Improving Children’s Dental Hygiene.

Improving Children’s Dental Hygiene.
*This pot is in collaboration with Accident Advice Line.
When it comes to teeth I can be a bit of stickler for
keeping on top of dental hygiene and care. Perhaps it was years of
having teeth pulled, injections galore or just simply knowing I don’t
really hold the key to great dental DNA. Or perhaps it was a
combination of these and then some more interesting experiences…

I remember as a kid we’d play this game where you’d
tuck your knees and arms into your coat and hug your knees to your
chest, whilst your sleeves billowed in the wind. On a fairly ordinary
day we were playing this game when one of my friends decided to climb
across a bench. She must have lost her footing, because within
seconds she’d landed face first onto the concrete and knocked out her
two front teeth.
I still shudder when I think about this, and it not
only makes me feel a little bit overprotective when my kids try to
play similar games, it also makes me want to ensure they take care of
those pearly whites, especially their adult ones!
There are so many horror stories in the press these
days when it comes to children’s extractions. Did you know that toddler tooth extractions have risen by a quarter in ten years?!

Top tips for kids!

Encourage them to floss

From age 7 upwards it’s important to encourage
flossing. This is so important as it will eventually become a habit,
always a good thing!

Make it a Game

We sometimes play silly games to get the brushing
over with in a fun way. Our favourite is the copy game, so I’ll
wiggle my bum and everyone has to do it, then George will do a cool
dance move and we have to copy, Molly will then stamp her feet and we
copy, and so on… Soon our teeth are sparkling! Another copy game is
copy where I brush my teeth, so I’ll say ‘Up!’ or ‘Down!’ and they
copy wherever I move my toothbrush; this is fab for getting full
coverage. Nanny Kim plays the great tooth-brushing race, and they
seem to love that a lot! There are just so many ways to make it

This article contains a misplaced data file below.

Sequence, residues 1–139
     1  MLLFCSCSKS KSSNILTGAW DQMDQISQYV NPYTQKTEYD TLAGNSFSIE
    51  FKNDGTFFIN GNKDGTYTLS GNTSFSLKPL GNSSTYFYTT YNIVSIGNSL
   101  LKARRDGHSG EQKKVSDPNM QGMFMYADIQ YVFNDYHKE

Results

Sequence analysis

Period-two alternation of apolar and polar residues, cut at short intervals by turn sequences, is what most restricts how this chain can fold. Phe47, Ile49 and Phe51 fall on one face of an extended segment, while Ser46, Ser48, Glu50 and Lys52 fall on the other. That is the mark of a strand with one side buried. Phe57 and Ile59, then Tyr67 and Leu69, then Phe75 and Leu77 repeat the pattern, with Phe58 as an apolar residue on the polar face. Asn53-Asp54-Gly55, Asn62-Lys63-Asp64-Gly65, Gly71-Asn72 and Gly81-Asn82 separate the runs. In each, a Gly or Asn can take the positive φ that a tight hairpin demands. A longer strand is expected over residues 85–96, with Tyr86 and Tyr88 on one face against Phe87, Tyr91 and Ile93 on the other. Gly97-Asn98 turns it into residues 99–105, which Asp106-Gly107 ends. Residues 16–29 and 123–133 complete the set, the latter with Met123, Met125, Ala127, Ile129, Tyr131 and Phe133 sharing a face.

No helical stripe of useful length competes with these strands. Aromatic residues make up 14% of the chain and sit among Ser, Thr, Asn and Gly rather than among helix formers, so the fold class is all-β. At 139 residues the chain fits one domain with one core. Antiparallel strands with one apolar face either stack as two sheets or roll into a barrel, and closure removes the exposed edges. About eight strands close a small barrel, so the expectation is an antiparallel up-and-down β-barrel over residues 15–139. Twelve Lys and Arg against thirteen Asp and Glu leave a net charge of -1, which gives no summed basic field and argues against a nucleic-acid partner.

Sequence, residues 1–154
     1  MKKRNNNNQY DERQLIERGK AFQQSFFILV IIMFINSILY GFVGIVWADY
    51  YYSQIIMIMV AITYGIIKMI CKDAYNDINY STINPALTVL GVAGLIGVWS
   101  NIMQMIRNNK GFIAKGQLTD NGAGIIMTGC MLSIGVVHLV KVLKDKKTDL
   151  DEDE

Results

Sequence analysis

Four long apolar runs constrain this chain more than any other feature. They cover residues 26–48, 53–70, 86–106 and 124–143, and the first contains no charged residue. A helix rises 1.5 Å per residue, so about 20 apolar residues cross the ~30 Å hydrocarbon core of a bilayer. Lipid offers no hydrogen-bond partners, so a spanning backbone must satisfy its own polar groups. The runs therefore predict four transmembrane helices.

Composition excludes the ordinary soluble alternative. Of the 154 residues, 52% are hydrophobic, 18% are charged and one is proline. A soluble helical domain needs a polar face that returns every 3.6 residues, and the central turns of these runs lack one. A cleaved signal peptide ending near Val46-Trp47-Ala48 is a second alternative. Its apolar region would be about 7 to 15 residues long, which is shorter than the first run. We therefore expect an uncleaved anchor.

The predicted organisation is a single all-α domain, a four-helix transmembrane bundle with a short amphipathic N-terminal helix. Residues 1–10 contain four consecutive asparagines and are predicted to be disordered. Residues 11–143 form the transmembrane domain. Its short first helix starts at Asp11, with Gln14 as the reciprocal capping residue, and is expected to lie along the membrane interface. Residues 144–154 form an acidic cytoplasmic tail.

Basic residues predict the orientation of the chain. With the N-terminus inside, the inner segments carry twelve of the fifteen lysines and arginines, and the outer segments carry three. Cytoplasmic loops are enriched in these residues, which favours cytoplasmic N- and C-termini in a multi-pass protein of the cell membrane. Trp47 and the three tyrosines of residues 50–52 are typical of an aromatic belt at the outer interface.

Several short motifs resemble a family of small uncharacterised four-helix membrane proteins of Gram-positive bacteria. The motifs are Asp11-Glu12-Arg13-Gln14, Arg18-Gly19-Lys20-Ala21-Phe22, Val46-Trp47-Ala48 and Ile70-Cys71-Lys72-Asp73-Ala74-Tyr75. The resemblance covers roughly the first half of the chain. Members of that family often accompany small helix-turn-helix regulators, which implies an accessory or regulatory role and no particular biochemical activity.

Sing a song

Make up a song about brushing your teeth whilst they
brush along. Even if it takes longer than 2 minutes because they’re
busy laughing at you as you sing, who cares?! They’ll have lovely
clean teeth by the end!

Watch educational videos

Youtube is there for a reason. Sit together and watch
some kid friendly clips about dental hygiene. They’ll soon be
brushing of their own accord and you’ll no longer have to sing about
cavities 😉

Visit your dentist

Building up a good relationship with your dentist is
key. I was absolutely terrified of mine, he was a bit too happy to
drill, but I think things have changed so much in the past twenty
(ish!) years. Our dentist is very calm and doesn’t rush in to ‘fix’
everything. For example, when George was 5 he had a bit of food stuck
between his teeth once and it caused a small hole to form. Our
dentist kept an eye on it, but in the end it didn’t get much worse
and eventually fell out when his adult tooth came through. He also
chats to them and they get lots of stickers when they leave; they
love going to the dentist!

Lead by example

If I don’t take care of my teeth, will they take care
of theirs?! I doubt it. I think as parents we need to be the example,
so taking care of our teeth will encourage them to take care of

Help them!

I’m so tired of this, ‘You’re X years old now, do it
yourself!’ attitude that parents have. I used to be just like it, but
having had my eyes opened to the world of children’s autonomy and
choice, if my child asks me to help them brush their teeth I’m going
to do it! I’m also their advocate and if they need me, I’m there…

Brush twice a day and don’t rinse!

Brushing once in the daytime and then before bed are
crucial to dental hygiene. I’m also a big believer in not rinsing
after a brush because it washes away all the bacteria killing
goodness in the toothpaste that remains after that final * spit *.

Cut back on sugary snacks

Sweets and sugary foods are a nightmare when it comes
to dental hygiene. Cut back and focus on healthier snacks such as
seeds (don’t forget to floss!) and veg sticks. Also eat fruit before
a main meal to avoid the sugar attacking those gorgeous fangs.
I think there are so many ways to encourage children
to take care of their teeth, and talking and listening are crucial to
improving dental hygiene in general. I hope I’ve helped raise a few
more ideas to encourage your children to take care of their pearly
whites 🙂
Happy brushing!

1 Comment

  1. 23rd January 2018 / 6:57 am

    This is awesome post about children's dental hygiene! Sometimes we as adults forget how a little humor and silliness can really get the point across to our kids.

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